For the most part, this cockpit looks great. Yes, there is some soft plastic sprinkled here and there, but many polymers are of the rigid variety, disappointingly, even on upper portions of the door panels. But it’s not all bad news, because those hard plastics are nicely textured, and everything seems solid. The T-shaped mechanical gear-selector not only looks cool, it feels great in your hand. According to Hyundai, anwill not be offered in this vehicle.
As for tech, high-end models feature a pair of 10.25-inch screens housed under one glass panel, similar to what Mercedes-Benz is doing these days. More-affordable variants have a smaller but still generously sized 8-inch display, plus traditional analog gauges. The up-level infotainment system in my demo vehicle is attractively designed, quite simple to navigate and blazingly quick. Seriously, poke around the various menus and it never lags or stutters.
A first for Hyundai, wirelessand will be standard equipment in the new Elantra, with an asterisk. This works with the base infotainment system, either wirelessly or with a cable if you prefer, but the optional system that features navigation still requires you to plug your phone in. This is kind of backward, but wireless capability should be offered with that system as well, possibly in the next model year.
Another thing you can do wirelessly in the Elantra is charge your phone. This system supposedly performs 30% better than before and features integrated cooling to keep your handset from getting hotter than a baked potato while absorbing electrons.
The Elantra’s Dynamic Voice Recognition should function kind of like Siri on an iPhone, enabling you to control a range of vehicle functions using only your voice. It can adjust the climate control fan speed, raise or lower the front driver’s side window and even report on the weather or how a particular stock performed. Unfortunately, this feature was not loaded into this demonstration vehicle’s software, but I look forward to testing it in the future — it sounds seriously cool, and something otherwise unheard of in the compact class.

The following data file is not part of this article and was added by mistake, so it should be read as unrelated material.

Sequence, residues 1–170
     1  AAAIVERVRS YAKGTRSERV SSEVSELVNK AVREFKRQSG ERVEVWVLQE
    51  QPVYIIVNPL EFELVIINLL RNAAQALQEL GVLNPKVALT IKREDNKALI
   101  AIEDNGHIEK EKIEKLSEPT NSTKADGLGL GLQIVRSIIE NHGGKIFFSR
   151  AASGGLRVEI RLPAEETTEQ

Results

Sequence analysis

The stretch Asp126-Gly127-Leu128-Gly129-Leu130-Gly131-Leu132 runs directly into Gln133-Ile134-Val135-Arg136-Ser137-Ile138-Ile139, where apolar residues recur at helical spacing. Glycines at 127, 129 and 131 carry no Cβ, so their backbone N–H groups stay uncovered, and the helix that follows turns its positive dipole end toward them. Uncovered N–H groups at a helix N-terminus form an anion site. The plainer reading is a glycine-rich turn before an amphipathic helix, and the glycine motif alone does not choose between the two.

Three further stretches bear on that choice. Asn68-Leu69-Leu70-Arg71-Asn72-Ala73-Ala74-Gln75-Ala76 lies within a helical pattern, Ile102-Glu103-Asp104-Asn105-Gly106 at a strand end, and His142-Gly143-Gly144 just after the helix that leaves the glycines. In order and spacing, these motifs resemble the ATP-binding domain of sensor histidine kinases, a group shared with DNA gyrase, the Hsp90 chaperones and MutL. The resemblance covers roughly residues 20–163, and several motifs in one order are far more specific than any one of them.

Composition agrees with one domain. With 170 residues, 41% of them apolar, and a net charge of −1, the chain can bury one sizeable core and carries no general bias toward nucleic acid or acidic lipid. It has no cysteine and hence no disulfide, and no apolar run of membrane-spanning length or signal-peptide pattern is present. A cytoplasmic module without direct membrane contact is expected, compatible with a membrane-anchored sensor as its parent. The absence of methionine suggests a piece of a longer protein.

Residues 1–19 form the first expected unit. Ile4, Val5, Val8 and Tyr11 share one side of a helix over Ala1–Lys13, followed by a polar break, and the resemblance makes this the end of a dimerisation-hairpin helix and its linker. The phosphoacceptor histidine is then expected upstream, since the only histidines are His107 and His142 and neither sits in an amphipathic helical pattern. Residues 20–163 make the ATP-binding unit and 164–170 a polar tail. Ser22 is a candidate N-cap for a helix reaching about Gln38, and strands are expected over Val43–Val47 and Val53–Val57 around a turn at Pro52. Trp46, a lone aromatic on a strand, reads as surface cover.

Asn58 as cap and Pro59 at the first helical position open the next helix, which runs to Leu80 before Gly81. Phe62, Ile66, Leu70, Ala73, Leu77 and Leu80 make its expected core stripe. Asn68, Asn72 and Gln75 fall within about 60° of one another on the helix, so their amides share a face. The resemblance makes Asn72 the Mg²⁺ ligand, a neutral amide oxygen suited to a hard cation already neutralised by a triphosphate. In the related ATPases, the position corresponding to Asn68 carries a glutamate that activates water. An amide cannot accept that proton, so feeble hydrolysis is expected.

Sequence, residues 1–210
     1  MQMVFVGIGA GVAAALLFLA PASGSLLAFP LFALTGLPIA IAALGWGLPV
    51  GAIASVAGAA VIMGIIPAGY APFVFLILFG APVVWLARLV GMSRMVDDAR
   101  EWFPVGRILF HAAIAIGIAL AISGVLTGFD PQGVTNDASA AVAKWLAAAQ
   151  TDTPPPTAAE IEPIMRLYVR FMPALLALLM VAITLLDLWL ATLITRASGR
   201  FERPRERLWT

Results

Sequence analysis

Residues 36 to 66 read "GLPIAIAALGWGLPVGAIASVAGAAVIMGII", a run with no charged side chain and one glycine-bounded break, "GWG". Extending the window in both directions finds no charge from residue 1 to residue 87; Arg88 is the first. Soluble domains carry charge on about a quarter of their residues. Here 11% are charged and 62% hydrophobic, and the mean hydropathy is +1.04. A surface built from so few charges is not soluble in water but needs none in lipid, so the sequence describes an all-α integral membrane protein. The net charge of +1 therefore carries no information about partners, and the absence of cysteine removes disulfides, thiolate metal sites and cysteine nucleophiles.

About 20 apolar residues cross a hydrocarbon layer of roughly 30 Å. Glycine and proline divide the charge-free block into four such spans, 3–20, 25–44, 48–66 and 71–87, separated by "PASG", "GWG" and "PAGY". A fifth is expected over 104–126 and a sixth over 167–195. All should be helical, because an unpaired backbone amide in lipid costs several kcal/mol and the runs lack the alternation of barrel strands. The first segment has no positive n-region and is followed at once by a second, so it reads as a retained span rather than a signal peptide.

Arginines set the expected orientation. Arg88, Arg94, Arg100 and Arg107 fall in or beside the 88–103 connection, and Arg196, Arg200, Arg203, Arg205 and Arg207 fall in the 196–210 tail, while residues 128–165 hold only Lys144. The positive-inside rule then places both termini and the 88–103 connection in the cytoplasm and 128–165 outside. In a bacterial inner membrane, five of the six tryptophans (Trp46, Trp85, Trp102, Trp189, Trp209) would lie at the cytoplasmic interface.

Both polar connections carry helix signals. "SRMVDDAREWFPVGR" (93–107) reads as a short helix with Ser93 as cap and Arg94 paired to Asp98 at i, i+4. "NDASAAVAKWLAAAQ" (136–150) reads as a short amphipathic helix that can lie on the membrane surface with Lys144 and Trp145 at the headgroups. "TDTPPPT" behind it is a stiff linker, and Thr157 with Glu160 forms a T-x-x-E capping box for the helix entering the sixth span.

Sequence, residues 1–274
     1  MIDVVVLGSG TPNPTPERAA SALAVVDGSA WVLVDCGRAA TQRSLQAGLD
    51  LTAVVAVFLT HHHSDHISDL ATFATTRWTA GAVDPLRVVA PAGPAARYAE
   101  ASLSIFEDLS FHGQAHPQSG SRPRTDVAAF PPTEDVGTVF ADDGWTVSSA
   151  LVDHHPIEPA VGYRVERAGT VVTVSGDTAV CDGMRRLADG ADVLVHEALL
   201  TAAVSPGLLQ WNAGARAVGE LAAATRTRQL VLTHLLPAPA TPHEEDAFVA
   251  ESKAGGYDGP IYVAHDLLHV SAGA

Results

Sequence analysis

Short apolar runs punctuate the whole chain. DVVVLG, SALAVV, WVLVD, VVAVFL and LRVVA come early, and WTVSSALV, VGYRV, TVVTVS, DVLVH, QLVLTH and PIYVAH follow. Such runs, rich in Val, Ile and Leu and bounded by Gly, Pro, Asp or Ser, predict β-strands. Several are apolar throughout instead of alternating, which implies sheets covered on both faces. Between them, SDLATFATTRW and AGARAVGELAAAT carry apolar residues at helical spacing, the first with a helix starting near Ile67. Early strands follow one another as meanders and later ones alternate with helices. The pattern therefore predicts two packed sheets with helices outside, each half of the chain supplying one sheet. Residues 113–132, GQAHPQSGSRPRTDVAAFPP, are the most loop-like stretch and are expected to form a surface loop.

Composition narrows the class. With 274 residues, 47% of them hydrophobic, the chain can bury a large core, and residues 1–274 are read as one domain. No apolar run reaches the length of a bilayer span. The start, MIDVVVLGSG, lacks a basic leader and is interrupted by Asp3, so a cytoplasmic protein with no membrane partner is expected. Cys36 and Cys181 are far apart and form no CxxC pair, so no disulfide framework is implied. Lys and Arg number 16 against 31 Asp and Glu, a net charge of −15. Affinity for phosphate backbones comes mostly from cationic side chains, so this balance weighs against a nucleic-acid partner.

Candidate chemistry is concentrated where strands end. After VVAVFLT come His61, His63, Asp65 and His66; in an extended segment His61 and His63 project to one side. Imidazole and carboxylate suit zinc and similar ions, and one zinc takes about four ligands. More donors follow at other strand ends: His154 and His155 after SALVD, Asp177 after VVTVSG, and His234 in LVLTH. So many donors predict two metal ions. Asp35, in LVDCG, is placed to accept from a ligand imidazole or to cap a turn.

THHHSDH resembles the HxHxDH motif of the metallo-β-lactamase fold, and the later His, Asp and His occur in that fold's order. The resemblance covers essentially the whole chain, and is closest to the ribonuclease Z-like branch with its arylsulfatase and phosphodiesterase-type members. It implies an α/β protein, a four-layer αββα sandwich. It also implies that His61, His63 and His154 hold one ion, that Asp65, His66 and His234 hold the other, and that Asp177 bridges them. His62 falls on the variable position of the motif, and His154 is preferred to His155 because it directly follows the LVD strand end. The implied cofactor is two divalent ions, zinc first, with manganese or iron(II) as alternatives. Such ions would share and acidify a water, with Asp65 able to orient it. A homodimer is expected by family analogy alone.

Of course, no new car is complete without tons of safety tech, and thewill come with plenty. Standard advanced driver aids include automatic high beams, forward collision avoidance and lane-keeping assist. Optional kit includes blind-spot monitoring and adaptive cruise control with lane centering.
Another nifty bit of tech is the available, which lets you use your Android phone to unlock and drive the vehicle. Near-field communication and Bluetooth low-energy allow the car to interface with a special mobile app. Among many other things, you can share virtual keys with people for a set amount of time and there’s an NFC card with similar functionality that you can keep in your wallet as a backup should you lose the regular key.
Pricing and availability
The 2021 Hyundai Elantra will be offered in four trim levels: SE, SEL, N Line and Limited. As for the hybrid, it should be available in SEL and Limited grades. This car enters production in the fall and will be manufactured in both Ulsan, South Korea, and Montgomery, Alabama. Hybrid models will only be sourced from Asia. Look for the new Elantra at dealerships in the fourth quarter of the year. Pricing will, of course, be announced closer to its on-sale date, though don’t expect it to be dramatically different from the model offered today, which starts in the neighborhood of $20,000 including delivery fees.
The 2021 Hyundai Elantra’s looks may be a bit controversial, but the car feels like quality and offers loads of clever features. If it drives well, which it should, the automaker will have a winner on its hands.